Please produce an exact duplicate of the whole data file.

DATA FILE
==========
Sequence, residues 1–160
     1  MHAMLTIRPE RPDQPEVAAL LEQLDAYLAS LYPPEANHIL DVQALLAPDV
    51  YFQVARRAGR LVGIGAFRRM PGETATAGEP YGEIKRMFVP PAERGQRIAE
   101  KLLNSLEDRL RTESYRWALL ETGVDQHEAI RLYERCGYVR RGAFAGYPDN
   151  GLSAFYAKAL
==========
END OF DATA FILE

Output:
Sequence, residues 1–160
     1  MHAMLTIRPE RPDQPEVAAL LEQLDAYLAS LYPPEANHIL DVQALLAPDV
    51  YFQVARRAGR LVGIGAFRRM PGETATAGEP YGEIKRMFVP PAERGQRIAE
   101  KLLNSLEDRL RTESYRWALL ETGVDQHEAI RLYERCGYVR RGAFAGYPDN
   151  GLSAFYAKAL